I grew up in the same Glasgow tenements as Billy Connolly, jumped the same dykes and scurried to the same outside toilets on a dark night. I bought his records in the 70s, his videos in the 90s and saw him once live. I'm a fan and glad he's doing well.
I approached this biography with an open mind - keen to learn more about a great entertainer and a bit of a hero of mine. I have to say, I was left feeling somewhat cheated.
The book is structured chronologically and each chapter deals with a sizeable chunk of the Big Yin's life. The chapters are titled with Connollyesque catch-phrases ("Cop yer whack!" etc.) but, most irritatingly, introduced by contemporary vignettes of Connolly's current lîfe. Since the book was published in late 2001, most of these are very recent and recount events like Hollywood parties and Connolly's Glasgow University graduation. For someone reading the book within months of publication they serve to highlight its freshness but as time rolls on, the effect will stagnate and, five years from now, they will make this book seem past its sell-by date.
Other reviewers have commented on the relentless name-dropping with which Stephenson peppers the text and it is in these chapter intros that the celebs crowd - Steve Martin, Robin Williams, Dustin Hoffman and so on. Seriously, how well do any of these people really know Billy Connelly? So is their opinion important to our understanding of the man? Or does Stephenson think that celebrity brings with it a gift of character judgement that lesser mortals lack?
In the earlier chapters, when recounting Connolly's childhood, apprenticeship and early career, the book is interesting. It was pleasing to read about Glasgow of the fifties and its whacky inhabitants and of Connolly's early involvement with folk music and his collaborations with, inter alia, Gerry Rafferty and Ralph McTell. Although there is one howler I must report: when describing a shipyard scene in 1962, Stephenson describes the workers as "tradespeople"... As much a PC-Pam may dislike it, it is a historical fact that every single human being working at a trade in a Glasgow Shipyard in the 60s was of the masculine persuasion and was never referred to as anything other than a tradesman.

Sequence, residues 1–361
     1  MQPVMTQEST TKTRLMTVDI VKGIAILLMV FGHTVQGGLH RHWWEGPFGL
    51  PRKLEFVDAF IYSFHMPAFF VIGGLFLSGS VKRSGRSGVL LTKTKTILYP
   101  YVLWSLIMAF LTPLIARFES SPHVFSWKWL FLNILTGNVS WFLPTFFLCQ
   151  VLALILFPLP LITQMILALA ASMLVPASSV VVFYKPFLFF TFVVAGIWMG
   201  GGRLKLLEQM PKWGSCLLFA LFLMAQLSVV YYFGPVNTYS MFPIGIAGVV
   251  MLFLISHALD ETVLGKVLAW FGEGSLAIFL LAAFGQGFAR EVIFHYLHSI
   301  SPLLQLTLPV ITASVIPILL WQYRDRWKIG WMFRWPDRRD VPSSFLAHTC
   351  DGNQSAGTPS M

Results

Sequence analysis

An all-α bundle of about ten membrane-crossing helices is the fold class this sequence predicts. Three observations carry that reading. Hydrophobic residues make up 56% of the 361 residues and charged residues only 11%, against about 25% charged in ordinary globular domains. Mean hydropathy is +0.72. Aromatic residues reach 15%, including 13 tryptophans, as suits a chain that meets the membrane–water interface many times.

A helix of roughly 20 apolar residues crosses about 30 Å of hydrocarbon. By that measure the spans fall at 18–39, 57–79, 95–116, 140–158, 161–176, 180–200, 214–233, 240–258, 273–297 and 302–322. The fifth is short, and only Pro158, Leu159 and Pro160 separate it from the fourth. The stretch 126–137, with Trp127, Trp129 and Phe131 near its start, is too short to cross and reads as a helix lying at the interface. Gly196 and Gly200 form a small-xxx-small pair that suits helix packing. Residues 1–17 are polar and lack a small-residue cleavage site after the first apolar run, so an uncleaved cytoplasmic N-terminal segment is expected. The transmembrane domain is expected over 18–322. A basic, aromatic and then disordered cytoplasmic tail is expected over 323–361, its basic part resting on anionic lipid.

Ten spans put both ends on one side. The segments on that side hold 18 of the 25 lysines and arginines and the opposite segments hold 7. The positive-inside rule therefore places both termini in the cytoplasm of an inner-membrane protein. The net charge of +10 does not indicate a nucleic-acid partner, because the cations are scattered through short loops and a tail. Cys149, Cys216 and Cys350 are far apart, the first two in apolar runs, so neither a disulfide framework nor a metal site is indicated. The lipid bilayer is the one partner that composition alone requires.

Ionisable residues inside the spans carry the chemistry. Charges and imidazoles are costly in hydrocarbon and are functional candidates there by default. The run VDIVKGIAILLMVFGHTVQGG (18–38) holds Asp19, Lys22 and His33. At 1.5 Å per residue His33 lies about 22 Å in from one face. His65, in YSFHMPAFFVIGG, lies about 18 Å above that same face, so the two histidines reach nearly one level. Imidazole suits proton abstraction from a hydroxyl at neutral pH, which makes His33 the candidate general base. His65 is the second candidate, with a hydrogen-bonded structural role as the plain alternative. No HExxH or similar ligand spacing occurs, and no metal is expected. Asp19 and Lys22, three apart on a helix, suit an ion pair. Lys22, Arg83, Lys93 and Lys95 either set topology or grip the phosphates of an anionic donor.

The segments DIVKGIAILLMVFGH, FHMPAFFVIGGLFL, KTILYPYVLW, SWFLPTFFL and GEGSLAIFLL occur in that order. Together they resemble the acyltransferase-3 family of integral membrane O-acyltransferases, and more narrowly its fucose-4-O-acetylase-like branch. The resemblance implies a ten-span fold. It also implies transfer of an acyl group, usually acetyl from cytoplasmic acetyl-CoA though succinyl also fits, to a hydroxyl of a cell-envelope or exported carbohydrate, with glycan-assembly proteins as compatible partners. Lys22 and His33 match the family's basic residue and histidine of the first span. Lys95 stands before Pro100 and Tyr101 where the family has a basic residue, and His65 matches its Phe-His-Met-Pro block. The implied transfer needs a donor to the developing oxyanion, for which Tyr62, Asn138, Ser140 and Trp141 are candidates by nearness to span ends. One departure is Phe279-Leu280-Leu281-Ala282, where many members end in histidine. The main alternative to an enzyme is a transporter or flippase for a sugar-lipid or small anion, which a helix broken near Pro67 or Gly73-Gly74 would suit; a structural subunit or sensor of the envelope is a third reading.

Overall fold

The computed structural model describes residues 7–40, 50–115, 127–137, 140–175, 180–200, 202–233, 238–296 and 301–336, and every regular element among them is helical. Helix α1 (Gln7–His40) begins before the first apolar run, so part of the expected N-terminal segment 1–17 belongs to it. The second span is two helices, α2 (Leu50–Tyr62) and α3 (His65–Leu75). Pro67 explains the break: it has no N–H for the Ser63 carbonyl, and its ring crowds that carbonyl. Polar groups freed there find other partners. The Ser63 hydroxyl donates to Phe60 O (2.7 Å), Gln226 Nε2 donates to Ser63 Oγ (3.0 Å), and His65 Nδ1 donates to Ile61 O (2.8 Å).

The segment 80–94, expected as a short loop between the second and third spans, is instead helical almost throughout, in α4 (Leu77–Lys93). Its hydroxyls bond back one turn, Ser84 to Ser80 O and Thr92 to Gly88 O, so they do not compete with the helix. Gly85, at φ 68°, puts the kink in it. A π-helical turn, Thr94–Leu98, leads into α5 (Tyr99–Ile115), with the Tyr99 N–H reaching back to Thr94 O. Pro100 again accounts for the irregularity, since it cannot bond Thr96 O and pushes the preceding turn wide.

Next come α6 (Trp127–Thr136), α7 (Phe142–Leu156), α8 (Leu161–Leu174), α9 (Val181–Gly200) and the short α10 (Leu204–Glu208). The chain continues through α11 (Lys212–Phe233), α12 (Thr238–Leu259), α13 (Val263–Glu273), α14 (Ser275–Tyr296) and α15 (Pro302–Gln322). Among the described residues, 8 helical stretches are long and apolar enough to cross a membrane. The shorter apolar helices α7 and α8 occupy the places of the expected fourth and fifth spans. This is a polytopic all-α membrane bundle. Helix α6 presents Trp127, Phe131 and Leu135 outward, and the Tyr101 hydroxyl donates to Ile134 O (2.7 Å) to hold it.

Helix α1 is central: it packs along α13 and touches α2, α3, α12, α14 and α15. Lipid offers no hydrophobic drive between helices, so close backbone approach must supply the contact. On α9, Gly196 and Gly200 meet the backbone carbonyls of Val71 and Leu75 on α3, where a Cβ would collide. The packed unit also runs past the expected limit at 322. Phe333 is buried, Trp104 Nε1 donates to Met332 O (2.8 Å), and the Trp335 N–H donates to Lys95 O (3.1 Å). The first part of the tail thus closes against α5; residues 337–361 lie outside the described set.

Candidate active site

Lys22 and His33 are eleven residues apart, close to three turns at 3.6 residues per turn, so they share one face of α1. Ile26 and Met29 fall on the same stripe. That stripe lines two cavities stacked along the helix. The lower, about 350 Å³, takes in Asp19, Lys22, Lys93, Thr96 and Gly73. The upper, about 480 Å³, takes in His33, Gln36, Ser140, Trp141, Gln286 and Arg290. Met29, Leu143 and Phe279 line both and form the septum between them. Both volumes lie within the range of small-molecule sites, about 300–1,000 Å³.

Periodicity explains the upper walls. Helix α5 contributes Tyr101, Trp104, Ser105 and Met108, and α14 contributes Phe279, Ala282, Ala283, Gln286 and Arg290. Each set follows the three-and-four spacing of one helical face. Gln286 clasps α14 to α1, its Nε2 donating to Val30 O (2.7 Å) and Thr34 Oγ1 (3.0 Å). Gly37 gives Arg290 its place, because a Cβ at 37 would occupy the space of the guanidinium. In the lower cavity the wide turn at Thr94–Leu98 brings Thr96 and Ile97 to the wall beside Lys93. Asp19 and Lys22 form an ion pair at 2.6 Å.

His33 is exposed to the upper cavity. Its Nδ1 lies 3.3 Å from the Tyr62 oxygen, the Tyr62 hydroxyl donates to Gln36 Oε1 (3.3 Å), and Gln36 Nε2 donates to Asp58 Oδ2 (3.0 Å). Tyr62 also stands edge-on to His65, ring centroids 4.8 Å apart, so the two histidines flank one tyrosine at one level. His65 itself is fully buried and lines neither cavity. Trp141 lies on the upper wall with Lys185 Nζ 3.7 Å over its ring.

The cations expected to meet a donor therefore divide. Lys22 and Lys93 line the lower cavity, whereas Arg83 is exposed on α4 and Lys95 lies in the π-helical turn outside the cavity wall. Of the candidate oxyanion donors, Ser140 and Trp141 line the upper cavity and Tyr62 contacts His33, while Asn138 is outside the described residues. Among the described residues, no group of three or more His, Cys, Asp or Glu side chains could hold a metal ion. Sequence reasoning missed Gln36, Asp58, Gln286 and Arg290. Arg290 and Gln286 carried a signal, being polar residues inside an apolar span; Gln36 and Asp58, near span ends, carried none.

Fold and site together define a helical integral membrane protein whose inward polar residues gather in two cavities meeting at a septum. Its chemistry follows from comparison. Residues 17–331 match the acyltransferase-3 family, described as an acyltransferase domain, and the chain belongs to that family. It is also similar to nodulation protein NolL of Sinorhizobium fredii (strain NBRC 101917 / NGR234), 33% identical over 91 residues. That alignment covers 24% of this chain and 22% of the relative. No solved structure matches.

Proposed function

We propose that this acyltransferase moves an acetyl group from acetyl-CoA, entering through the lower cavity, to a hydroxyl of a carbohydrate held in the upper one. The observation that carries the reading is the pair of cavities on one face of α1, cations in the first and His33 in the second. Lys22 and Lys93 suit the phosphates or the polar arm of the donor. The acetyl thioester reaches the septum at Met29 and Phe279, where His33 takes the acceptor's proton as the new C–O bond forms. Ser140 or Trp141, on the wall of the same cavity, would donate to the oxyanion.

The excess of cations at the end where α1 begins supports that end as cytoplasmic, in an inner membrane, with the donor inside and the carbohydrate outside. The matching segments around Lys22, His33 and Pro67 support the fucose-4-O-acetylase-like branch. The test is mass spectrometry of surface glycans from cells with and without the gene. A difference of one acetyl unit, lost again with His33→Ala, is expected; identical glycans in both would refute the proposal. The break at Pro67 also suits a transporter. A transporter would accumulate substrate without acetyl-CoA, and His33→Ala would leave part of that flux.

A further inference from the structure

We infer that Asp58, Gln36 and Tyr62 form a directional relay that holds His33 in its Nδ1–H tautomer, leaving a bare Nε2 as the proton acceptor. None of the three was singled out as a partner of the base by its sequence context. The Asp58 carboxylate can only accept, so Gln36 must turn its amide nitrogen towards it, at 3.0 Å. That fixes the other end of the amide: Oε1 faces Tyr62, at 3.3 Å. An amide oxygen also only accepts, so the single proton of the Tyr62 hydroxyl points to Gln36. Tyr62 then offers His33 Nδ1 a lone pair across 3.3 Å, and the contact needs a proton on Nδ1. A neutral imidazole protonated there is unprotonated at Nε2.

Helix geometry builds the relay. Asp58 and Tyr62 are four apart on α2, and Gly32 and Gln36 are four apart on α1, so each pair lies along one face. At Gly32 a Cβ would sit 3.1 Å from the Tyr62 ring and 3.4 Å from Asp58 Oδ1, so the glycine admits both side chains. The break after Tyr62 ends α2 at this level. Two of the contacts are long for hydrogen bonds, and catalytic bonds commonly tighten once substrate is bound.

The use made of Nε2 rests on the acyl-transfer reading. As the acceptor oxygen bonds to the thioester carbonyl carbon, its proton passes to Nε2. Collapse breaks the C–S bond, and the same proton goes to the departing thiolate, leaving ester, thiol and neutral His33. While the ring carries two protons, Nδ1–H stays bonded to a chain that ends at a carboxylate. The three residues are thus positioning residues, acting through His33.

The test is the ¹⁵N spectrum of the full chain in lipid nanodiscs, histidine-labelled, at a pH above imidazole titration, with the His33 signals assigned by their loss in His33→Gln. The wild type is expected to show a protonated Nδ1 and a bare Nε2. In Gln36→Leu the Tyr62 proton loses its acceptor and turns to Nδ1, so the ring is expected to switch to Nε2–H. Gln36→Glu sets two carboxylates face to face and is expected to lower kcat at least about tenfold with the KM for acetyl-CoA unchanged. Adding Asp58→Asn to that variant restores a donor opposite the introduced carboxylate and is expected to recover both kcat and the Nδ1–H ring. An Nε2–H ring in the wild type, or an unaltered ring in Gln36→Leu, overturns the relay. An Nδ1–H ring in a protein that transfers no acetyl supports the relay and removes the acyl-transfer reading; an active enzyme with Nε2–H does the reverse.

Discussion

The sections that deal with Connolly's troubled childhood - abandonment by his mother, mental and physical abuse by his aunt and sexual abuse by his father are revealing and I would not criticise Stephenson, as others have done, for commenting professionally on the effect these trauma have had on Connolly's mind. It was here, in fact, that I found her most illuminating.
As we read on into the mid-80s and our writer's fateful meeting with her subject, the focus begins to waver. Their early courtship seems to have inspired the script for "Notting Hill" with them dodging the media among flats and hotels in trendy London. From then on, we can never forget who he ended up with.
So what is missing from this book?
I was left wondering how much research had been done for this book and how much of it Stephenson had written off the top of her head. For a biography it is very thin on quotations and most of those are inconsequential flattery from mega-stars. What about Connolly's shipyard mates? His sister? Any old schoolpals? Iris, his ex-wife? Jamie and Cara, their children? The opinion of these vital personalities is absent or coloured by a third-person reportage after censoring by Stephenson.
I think she did speak to Gerry Rafferty, at least on the phone, and maybe Ralph McTell too. I did doubt even if Michael Parkinson was contacted - in fact, I had the uneasy feeling that he and Stephenson do not get on, such was the brevity with which she discussed his opinion on Connolly's drying out.
For a book about a comedian, jokes were thin on the ground too. There is a way to tell jokes on stage and Connolly has it; there is a way to tell jokes in a book and Stephenson does not have it.
When we turn to Connolly's film career, the narration tends to the hagiographic. Personally, I can remember Connolly starring in the excellent "Mrs. Brown" and in a handful of TV plays in the UK. Add in a couple of cameo appearances ("Indecent Proposal") and some American sitcoms and that's about it - a reasonable character actor. However, here Stephenson lists reams of movies which a film buff like me has never heard of and which turn out to have been critical and box-office flops. I'm sure Connolly is a good actor and I hope to see a lot more of him on the big screen in future (his appearance in the recent "Everlasting Piece" is superb) but some objectivity would have been prudent.
One final shot - where did she get the picture of Connolly for the cover? At a guess, I would date it to around 1985 which hardly concurs with the up-to-the minute breathlessness which pervades the rest of the book.